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Abstract

Air pollution is the single largest environmental health risk worldwide. Particulate matter (PM) air pollution is released as a result of fossil fuel combustion and vehicle motion, breaking and tyre wear. It has been shown that exposure to PM can cause increased levels of respiratory disease, including the exacerbation of COPD, which is frequently associated with bacterial infection. Despite this, the effects of air pollution exposure on COPD associated respiratory bacteria, includingHaemophilus influenzae, and are largely unknown. Our recent publication was the first to document that as well as damaging the host, PM has a direct impact on bacteria that can cause respiratory infections. We showed that exposure to black carbon (BC), an important component of PM, results in alterations in biofilm structure in both and , and increases dissemination of colonising in models.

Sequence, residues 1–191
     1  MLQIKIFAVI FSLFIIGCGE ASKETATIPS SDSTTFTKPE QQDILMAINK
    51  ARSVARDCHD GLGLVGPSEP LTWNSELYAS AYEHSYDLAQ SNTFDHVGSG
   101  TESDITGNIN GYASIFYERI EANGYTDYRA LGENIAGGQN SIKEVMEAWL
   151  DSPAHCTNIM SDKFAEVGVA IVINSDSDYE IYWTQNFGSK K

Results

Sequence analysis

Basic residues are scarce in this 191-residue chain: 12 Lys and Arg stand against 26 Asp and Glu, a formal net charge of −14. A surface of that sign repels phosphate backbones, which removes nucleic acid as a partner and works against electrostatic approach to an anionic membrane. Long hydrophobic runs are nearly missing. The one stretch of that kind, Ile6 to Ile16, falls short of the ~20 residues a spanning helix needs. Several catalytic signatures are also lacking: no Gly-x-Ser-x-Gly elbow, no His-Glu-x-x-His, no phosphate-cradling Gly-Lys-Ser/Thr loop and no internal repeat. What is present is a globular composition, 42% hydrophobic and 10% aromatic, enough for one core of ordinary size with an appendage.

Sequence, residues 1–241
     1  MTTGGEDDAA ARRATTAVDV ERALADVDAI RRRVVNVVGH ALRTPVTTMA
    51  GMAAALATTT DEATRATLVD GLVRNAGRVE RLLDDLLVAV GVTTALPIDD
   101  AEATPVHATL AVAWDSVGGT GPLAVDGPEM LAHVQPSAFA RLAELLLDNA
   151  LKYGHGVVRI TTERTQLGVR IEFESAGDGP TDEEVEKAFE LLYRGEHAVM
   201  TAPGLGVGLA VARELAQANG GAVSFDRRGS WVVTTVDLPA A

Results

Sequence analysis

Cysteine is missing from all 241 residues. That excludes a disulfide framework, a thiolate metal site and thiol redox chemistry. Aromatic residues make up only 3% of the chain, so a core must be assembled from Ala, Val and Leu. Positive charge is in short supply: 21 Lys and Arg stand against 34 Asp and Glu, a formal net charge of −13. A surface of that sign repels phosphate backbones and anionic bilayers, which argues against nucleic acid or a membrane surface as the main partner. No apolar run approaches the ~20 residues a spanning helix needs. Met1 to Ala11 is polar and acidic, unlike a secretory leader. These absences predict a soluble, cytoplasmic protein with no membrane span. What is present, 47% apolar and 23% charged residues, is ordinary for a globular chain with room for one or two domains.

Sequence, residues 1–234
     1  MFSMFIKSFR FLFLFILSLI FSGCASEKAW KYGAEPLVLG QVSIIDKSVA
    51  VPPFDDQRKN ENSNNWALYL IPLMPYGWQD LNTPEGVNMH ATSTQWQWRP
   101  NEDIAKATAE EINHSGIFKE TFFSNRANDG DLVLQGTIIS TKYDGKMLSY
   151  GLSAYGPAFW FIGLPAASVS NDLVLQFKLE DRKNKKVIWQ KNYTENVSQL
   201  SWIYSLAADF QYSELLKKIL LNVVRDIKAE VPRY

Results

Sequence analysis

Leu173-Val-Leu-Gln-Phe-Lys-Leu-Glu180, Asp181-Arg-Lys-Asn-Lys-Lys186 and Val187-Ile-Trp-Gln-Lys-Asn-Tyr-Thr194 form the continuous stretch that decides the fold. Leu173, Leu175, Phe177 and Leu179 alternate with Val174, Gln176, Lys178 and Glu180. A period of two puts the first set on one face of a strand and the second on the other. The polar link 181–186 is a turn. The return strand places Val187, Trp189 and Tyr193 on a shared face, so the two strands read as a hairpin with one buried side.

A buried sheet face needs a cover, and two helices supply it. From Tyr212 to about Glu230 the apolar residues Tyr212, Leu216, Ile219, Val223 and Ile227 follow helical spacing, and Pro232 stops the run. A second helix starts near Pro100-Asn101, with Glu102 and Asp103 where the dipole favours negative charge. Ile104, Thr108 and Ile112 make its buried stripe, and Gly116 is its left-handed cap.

Following on from this work, we aim to determine how BC impacts the growth, behaviour and virulence of bacteria associated with the COPD exacerbation, including non-typeable Haemophilus influenzaeand . Current data show that BC exposure is decreasing the biofilm forming ability of NTHistrains 162 and 375. strain M61 biofilm formation is also decreased in the presence of BC, while its growth rate is increased. In addition, pre-exposing NTHi375 cells to BC, prior to infection of A549 cells, increases their ability to adhere to human epithelial cells. This suggests that the frequency of bacterial infection induced COPD exacerbation may be altered in patients from highly polluted areas.

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/content/journal/acmi/10.1099/acmi.ac2020.po0231
2020-07-10
2021-08-02
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http://instance.metastore.ingenta.com/content/journal/acmi/10.1099/acmi.ac2020.po0231
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